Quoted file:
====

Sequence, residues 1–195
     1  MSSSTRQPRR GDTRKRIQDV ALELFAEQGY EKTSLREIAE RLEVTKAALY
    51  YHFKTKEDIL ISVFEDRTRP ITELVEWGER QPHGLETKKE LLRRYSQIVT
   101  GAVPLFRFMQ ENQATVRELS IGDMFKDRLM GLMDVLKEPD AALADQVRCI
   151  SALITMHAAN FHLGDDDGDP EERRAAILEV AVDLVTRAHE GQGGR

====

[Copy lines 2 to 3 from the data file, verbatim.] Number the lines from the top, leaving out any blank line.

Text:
     1  MSSSTRQPRR GDTRKRIQDV ALELFAEQGY EKTSLREIAE RLEVTKAALY
    51  YHFKTKEDIL ISVFEDRTRP ITELVEWGER QPHGLETKKE LLRRYSQIVT